This past week marked an incredible accomplishment on behalf of the Milwaukee County Behavioral Health Division.  The doors to the long-term care unit, a locked unit and one of the only of its kind in Wisconsin or anywhere, really, closed permanently.  The last of the clients were moved into their thoughtfully arranged, beautiful and custom-built homes made specific to their unique needs.  Was closing this facility and finding new homes for those who lived there a perfect process?  No, because it never is when you are dealing with human beings – let alone human beings with remarkably complex lives.  But I can say this.  It is a new day – for those clients, for the Behavioral Health Division, and for our community.  A new day that will have challenges and triumphs and a whole new round of considerations.  A new day that my incredible team helped make.

On Friday after the last client had moved out, my team and I just happened to be spending our lunch hour together for a potluck because we had never had any sort of holiday celebration.  It was fitting that we had come together on this historic day, and I took the opportunity to say a few words of sincere appreciation.  It’s not easy working for the public sector system.  There is a lot of scrutiny and criticism and back seat driver-worthy assumptions that can make even those with the purest heart occasionally fill with doubt.  But those of us on the inside know the truth, and we have to remind each other of it:  We work hard, we care deeply, and although it might take longer than we like, we overcome barriers to do the right thing for the people we serve. We are in it for the right reasons.

When I got home on Friday night, I  mindlessly ate the sandwich I picked up from Culver’s and sunk down in my favorite chair with my feet propped up on the ottoman.  I’ll be damned I thought.  We actually did it.  I wasn’t sure the day would ever come and when we first set out on the venture, I surely didn’t know how we’d get there.  But we did, and at the end of it all I felt equal parts disbelief and pride.  That team of mine, I am telling you, they are something else.

By about 7:15 that night, I felt an exhaustion so deep and so unrelenting that I had no choice but to make my way to my bed.  It was as though I had run a marathon and collapsed at the finish line.  I slept a deep, peaceful, sound sleep that had evaded me many nights over the course of the last two years.  When I awoke early Saturday morning, I knew what I needed to do.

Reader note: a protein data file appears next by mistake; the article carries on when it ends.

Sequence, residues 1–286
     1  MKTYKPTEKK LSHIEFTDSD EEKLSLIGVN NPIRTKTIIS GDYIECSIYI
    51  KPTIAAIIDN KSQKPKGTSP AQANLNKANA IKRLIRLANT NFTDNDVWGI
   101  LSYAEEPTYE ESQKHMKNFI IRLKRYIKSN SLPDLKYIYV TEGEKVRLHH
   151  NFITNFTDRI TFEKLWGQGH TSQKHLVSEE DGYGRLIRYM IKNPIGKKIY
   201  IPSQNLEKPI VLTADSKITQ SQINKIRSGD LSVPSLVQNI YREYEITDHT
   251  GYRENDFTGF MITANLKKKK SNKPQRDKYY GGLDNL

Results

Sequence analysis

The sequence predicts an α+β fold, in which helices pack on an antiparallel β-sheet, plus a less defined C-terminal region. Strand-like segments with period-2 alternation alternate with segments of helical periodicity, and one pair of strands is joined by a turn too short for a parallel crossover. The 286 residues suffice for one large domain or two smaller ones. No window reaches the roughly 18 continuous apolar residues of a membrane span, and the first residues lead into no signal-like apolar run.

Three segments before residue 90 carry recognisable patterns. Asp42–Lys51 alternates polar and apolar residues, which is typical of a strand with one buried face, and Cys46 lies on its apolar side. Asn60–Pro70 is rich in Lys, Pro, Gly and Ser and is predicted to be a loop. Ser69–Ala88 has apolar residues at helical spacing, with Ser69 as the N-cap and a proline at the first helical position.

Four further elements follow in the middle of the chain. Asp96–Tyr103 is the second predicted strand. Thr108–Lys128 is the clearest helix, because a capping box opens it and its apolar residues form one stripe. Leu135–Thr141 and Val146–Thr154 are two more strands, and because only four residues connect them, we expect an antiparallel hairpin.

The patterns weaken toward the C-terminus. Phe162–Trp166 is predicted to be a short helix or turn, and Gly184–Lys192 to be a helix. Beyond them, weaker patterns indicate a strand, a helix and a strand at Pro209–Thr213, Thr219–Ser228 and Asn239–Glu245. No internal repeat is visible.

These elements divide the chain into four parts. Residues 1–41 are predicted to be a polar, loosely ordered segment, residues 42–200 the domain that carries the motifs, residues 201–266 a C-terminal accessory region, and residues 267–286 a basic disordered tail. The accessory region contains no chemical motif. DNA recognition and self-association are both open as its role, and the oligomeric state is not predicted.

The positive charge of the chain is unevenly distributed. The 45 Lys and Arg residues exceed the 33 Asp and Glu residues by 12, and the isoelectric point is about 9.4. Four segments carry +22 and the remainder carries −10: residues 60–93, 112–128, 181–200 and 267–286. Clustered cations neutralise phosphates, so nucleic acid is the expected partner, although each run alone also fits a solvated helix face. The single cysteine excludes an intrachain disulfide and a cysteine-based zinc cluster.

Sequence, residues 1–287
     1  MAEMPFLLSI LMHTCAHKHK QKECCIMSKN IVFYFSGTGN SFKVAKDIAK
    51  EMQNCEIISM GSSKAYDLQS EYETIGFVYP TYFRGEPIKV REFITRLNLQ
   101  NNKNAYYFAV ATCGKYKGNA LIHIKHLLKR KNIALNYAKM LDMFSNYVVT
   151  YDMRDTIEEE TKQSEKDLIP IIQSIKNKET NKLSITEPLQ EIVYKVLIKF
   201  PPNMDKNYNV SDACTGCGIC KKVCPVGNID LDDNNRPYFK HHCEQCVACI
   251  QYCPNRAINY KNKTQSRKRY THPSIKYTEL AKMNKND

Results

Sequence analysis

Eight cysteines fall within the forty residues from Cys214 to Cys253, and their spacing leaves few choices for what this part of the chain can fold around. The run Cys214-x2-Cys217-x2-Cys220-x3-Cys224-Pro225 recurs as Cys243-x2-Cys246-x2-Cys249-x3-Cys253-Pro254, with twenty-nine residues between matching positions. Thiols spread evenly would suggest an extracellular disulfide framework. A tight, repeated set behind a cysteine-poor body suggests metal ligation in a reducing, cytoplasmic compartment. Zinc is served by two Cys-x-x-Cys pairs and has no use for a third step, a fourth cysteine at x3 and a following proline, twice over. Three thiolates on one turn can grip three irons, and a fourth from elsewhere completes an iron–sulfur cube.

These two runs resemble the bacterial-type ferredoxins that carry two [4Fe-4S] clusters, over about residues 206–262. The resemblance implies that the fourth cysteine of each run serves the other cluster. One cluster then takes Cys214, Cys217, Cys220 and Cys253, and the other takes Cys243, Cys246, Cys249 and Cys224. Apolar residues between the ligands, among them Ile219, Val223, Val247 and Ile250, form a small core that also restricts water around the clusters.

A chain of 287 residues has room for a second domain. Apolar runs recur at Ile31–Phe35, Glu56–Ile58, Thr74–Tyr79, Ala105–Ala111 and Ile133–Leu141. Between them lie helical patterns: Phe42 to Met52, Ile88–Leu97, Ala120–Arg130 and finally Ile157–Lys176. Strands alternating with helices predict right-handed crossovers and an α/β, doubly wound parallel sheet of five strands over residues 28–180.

What I needed to do was take care of me.  Without hesitation, I declared Saturday, January 16, 2016 “Be Nice to Jen Day.”  I’ve instituted such days before, and in fact I try to make sure they happen a couple times a year.  Now don’t get it twisted, this is not a community-wide event.  The only person required to be nice to Jen on Be Nice to Jen Day is Jen.  It is merely optional for everyone else.

Most of my Be Nice to Jen Days look similar.  A little sleeping in, a little getting my house in order, a little time alone, a little time with those I love the most, a little pampering, a little eating something wonderful, a little snuggling with my kitties.  Yesterday was no different from any of that, and I loved it every bit as much as I always do.  The combination and the details may vary slightly, but the restoring of my soul is always the same, beautiful, well-deserved outcome.

The truth is that part of the human experience is craving love and validation from those around us.  I can agree that it’s wonderful when it happens, but I would also say it’s too big a gamble to wait on it.  Instead of always focusing externally, why not start with you?  You are the one person – the only person, arguably – you can directly order to be nice to you.  If you do it enough, others just might take notice and decide they’d like to join in, too.  But that’s their deal and for them to decide.

Your deal, for you to decide, is not if you are going to lovingly tend to yourself, but rather how.


Pockets of Emptiness

I’m not sure how or why or when it happened, but somewhere along the way our society decided that busy-ness is the new black.  When people can squeeze each other in for a quick cup of coffee or a hurried dinner, the conversation often turns to the laundry list of tasks that have been done, need to be done, want to be done.  Although all this busy-ness is presented as a complaint, it really comes across more like bragging rights.  The busier one is the better they must be, surely crowned as the more important one, the one who is winning.